This device produces a blast of air with each stroke of the bow regardless of whether it is pushed or pulled. The bow makes it possible to operate the blower without using a complicated belt and wheel assembly used in traditional forge blowers. There is a brief pause at the end of each stroke where the fan stops to rotate in the other direction, but this is effectively no different to the intermittent blast of a double acting bellows of Europe or box bellows of Asia. The materials used (wood, bark, bark fibre and clay) are readily available on most continents. No leather, valves or precisely fitted piston gaskets are required as with other types of bellows. The cords for this device wear out often so a number of back up cords should be kept handy for quick replacement. In summary, this is an easy to make device that solves the problem of supplying forced combustion air required for high temperature furnaces and forges.

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20 Responses

  1. Mark Lemuel Yanuaria says:

    Aussieman24 has entered the iron age.

  2. conan howard says:

    seems like a lot of trouble to go to ,just to cook a couple of burgers??

  3. don1559 says:

    Finally a new video, I have been waiting for this more than box office

  4. Geo Pillejera says:

    Does he actually live there??

  5. Marcus Leung says:


  6. Joshua Gomez says:

    Every video is so satisfying???

  7. Atlars says:

    I am amazed! Could you try to make actual arrows and a bow. Then go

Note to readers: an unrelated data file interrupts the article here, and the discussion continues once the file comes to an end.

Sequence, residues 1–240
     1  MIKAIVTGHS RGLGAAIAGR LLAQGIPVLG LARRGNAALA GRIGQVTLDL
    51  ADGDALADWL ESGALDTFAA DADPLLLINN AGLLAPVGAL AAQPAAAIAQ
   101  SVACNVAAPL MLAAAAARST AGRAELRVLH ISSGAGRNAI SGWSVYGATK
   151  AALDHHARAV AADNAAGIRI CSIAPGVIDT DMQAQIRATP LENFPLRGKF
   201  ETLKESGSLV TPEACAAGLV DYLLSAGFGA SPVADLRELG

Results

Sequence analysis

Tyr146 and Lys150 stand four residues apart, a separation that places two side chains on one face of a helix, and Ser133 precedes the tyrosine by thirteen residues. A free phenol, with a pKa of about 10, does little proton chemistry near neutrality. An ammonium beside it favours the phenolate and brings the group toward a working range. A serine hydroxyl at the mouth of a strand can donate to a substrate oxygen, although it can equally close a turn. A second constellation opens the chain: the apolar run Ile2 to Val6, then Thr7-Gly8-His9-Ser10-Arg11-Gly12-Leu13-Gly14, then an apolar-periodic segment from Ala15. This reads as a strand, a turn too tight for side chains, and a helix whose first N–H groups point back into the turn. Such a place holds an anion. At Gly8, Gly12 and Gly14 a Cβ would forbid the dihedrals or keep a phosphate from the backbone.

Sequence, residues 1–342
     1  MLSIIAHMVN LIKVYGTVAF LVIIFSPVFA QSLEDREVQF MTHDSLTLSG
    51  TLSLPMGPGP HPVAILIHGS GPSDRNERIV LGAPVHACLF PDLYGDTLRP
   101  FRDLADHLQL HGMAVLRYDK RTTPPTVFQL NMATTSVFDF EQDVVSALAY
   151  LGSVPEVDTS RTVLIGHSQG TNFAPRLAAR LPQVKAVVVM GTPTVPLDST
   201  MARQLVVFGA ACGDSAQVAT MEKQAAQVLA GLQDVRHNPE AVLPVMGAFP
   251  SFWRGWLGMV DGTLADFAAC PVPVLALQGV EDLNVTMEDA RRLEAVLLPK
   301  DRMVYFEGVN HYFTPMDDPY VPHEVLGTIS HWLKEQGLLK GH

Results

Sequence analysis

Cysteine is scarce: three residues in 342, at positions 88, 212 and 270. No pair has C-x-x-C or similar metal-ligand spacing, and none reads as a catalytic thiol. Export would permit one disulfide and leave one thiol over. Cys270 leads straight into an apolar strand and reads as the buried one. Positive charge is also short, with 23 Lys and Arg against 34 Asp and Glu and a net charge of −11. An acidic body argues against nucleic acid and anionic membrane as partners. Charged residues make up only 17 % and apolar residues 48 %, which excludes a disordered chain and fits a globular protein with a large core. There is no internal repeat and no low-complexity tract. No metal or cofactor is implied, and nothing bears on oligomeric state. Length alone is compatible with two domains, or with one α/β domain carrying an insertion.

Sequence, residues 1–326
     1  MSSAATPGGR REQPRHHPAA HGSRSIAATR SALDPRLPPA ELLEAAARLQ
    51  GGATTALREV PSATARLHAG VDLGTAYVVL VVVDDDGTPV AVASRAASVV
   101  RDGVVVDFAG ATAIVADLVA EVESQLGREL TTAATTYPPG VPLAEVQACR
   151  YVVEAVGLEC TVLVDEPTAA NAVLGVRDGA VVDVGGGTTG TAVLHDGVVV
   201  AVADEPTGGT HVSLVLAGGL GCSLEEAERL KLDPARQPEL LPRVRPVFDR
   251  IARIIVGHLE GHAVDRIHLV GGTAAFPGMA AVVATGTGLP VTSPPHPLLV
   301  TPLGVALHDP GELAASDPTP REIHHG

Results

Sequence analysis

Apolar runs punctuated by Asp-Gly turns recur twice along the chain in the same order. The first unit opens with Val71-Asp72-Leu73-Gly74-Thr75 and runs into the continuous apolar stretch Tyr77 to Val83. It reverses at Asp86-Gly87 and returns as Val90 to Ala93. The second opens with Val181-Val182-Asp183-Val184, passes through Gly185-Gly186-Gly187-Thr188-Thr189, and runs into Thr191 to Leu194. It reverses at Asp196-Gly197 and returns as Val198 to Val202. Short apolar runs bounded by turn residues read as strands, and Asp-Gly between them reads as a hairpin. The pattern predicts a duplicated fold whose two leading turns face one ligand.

8. HaiDefinitions says:

    That was fucking awesome! Everytime i thought “damn Thats great” You just
    topped it! Very Great

  9. Mark Foo says:

    great job well done , my friend

  10. akumabito2008 says:

    Just made a jet turbine out of clay and twigs to progress to the Iron Age.
    No biggie.

  11. W0lfofDawn says:

    I live in Texas, so I can’t really practice any of this. Plus I work near
    80 hours a week lol.
    Wish i had the logic and nohow to do what you do.

  12. Tim Park says:

    He will upload “Blacksmith Series” soon maybe lol

  13. Elias Kuusisto says:

    more videos

  14. Burn Feminists says:

    You should do normal videos like vlogs or something. You seem like an
    instresting guy to watch.

  15. Agaperion Rex says:

    As of this post, there are 157 people pissed they can’t do that shit.

  16. Lavius_ says:

    Welcome friends…….. To the IRON AGE.

  17. Puma Gaming says:

    very good keep teaching us more good skills

  18. CYI3ERPUNK says:

    forging metal, nice =] moving on up =] ; i cannot express how exciting i am
    and how much i am looking forward to your 40,000th video on primitive
    technology: how to create a functioning smartphone and global
    communications grid =] {considering we’ll have clones and AI and be
    traveling the stars by then =] }

  19. Sulaiman A.W says:

    Hope to see iron tools soon

  20. Руслан Хорьков says:

    я один тут русский